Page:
Bombs rain on Abu camp

Beheading threat sparks air strikes

THE Philippine Air Force launched air strikes against Abu Sayyaf extremists in Patikul, Sulu after the militants threatened to behead a Malaysian fish breeder they have held captive since June if they do not get the P40-million ransom they have been asking, the military said on Saturday.

Harold Cabunoc
Military spokesman Lt. Col. Harold Cabunoc said MD 520-MG gunships launched the attack 6:30 a.m. on Saturday and dropped bombs at an Abu Sayyaf encampment at Sitio Sangay, Barangay Buhanginan in Patikul.

“We will not give these bandits time to rest. Our troops will continuously pursue them in their forest lairs,” Cabunoc said.

Government forces stepped up the offensive against the extremists, supposedly headed by sub-leader Hatib Hajan Sawadjaan, before a reconnaissance platoon of the 35th Infantry Battalion, under Lt. Col. Marces Gayat, clashed with the bandits in Barangay Bungkaong, also in Patikul, around 7:20 a.m.

The Sawadjaan group is believed to be the same group that detained German nationals Dr. Viktor Estefan Okonek and Henrike Dielsen, who were allegedly released after the payment of  some P250 million in ransom.

“We traded fire with them but they scampered away to different directions. There were blood stains along their route of withdrawal,” Gayat said in his after-battle report, adding that government troops.

No less than Defense Secretary Voltaire Gazmin and Armed Forces chief of staff Gen. Gregorio Pio Catapang Jr. have been closely overseeing operations since the release of the two Germans on the night of Oct. 17.

Lt. Gen. Rustico Guerrero, head of the military’s Western Mindanao Command, said the Abu Sayyaf are still in custody of 11 captives, including two Europeans and two Malaysians while the rest are Filipinos.

The extremists are believed to have abducted ornithologists Ewold Horn of the Netherlands and Lorenzo Vinciguerra of Switzerland, who have been captives since February 2012.

The Malaysian hostages are fish breeder Chan Sai Chuin, who was seized from his fish farm in Kunak, Sabah on June 26, and Malaysian maritime policeman Zakiah Aleip, who was abducted at Mabul island last July 12.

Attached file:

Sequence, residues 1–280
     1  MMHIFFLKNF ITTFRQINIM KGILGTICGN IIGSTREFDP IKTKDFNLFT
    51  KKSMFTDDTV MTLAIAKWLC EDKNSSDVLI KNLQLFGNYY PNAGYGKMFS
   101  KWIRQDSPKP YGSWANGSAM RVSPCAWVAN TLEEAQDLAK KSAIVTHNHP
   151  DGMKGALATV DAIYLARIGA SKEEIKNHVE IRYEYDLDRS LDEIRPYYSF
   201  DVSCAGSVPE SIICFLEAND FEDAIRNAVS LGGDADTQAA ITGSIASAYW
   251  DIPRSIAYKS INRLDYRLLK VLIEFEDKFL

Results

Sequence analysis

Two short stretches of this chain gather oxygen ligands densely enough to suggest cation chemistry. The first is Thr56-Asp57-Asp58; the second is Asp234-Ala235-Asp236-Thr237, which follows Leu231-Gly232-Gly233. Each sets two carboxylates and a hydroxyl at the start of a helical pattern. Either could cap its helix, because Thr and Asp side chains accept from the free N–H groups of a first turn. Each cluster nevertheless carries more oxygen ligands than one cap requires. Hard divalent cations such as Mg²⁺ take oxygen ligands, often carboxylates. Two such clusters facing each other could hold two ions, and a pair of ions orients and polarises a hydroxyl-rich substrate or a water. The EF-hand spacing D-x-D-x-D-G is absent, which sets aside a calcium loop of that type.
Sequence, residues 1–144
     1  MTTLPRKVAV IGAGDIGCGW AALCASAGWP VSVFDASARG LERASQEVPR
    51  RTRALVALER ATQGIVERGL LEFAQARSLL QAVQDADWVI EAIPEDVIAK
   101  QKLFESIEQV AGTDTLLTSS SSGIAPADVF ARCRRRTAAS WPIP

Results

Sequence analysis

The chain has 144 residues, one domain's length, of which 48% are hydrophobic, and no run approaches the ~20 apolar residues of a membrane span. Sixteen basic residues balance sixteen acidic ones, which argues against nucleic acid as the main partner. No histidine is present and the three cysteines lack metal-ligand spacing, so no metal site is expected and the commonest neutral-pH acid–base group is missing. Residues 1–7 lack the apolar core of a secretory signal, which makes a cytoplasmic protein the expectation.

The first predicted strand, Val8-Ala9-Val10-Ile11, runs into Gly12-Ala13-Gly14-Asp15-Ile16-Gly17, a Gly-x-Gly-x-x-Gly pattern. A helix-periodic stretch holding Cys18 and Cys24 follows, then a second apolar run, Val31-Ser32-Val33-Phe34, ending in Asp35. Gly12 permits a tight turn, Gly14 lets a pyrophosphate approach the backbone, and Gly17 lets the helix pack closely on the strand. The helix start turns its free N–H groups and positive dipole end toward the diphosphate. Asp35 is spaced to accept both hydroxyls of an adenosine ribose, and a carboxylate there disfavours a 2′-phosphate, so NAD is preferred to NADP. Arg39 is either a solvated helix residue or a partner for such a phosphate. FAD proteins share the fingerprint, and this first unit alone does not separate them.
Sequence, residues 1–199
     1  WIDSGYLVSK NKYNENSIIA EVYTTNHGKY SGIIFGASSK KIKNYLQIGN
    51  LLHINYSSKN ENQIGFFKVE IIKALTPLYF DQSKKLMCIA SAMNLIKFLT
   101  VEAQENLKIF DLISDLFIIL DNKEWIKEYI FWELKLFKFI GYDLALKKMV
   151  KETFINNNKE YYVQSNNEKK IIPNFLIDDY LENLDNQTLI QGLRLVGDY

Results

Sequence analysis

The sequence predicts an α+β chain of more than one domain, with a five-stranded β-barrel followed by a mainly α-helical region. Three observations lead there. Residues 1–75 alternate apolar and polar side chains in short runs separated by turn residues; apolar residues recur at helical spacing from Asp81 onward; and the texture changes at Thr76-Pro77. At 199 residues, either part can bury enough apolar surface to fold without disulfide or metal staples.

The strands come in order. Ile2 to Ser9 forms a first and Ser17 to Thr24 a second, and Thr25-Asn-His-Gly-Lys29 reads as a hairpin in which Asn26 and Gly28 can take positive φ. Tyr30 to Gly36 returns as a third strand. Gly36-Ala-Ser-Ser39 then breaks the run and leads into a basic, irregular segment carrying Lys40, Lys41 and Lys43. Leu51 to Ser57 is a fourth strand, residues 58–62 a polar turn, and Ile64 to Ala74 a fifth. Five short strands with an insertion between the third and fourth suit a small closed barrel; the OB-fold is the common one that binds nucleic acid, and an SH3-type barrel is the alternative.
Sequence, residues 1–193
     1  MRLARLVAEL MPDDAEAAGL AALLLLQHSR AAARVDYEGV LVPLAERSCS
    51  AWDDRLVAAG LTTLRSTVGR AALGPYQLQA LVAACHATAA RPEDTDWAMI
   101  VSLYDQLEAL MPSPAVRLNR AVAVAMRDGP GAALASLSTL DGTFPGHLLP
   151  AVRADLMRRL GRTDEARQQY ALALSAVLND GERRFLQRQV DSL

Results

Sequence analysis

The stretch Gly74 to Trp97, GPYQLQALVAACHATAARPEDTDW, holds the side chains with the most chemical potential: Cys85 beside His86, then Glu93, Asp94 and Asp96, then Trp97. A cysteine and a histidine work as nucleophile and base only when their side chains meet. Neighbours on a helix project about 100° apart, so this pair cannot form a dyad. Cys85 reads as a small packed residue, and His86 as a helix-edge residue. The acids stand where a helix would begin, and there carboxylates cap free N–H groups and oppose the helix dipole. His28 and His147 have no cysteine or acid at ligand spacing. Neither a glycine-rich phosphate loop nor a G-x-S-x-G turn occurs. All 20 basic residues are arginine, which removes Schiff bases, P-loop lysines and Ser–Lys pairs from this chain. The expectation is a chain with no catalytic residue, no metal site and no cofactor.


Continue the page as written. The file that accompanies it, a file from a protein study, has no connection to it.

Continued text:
But Guerrero did not mention Japanese treasure hunter Toshio Ito, who was kidnapped in Sulu on July 16, 2010. The military does not consider him a captive since they supposedly have information that he is cooperating with the Abu Sayyaf.

On Friday, the wife of fish breeder Chan called a press conference in Kota Kinabalu in Sabah to appeal for Malaysian government help in raising the ransom for her husband.

“[The Abu Sayyaf] told me [on Thursday night] that they will send back Chan’s head if I fail to pay the ransom,” The Star of Malaysia quoted Chan’s wife Chin Pek Nyen as saying.

“I just do not know what to do. I tried raising the ransom by borrowing from friends and family [but] there’s no way I can raise it, how much can people lend me, I need the help of the government,” she said of the kidnappers’ demand of 3 million Malaysian ringgit.

She said the ransom demand has been reduced from RM15 million to RM10 million over the past months.

“They ask me if I have raised the money. Asked me if I have raised RM1 million. When I say no, they get angry and threatened to kill my husband. They call me up to 17 times a day, until I answer the call,” she said.

But Chin said she has not spoken with her husband since July 27 and she could not say for certain if he was safe and unhurt.

“They tell me he is all right [but] they refuse to let me speak to him. They call me at least once every two days,” she said.

Meanwhile, the Philippine National Police said the Abu Sayyaf has also received last Wednesday P1 million in ransom for the release of an eight-year-old girl they kidnapped in July.

Autonomous Region in Muslim Mindanao police director Chief Superintendent Noel delos Reyes said the family of the girl paid the ransom to a woman who served as collector for the kidnappers around 1:30 p.m. Wednesday and the girl was released an hour later.

“[The girl was] freed by her captors at Jolo wharf after her father handed over P1 million in ransom money to the designated ransom taker, an unidentified woman,”

Delos Reyes said the ransom was made the Jolo Wharf and the girl was also released at another part of the wharf around 2:30 p.m.

The girl was abducted by four armed men from a store in her hometown in Olutanga, Zamboanga Sibugay on July 25, 2014.

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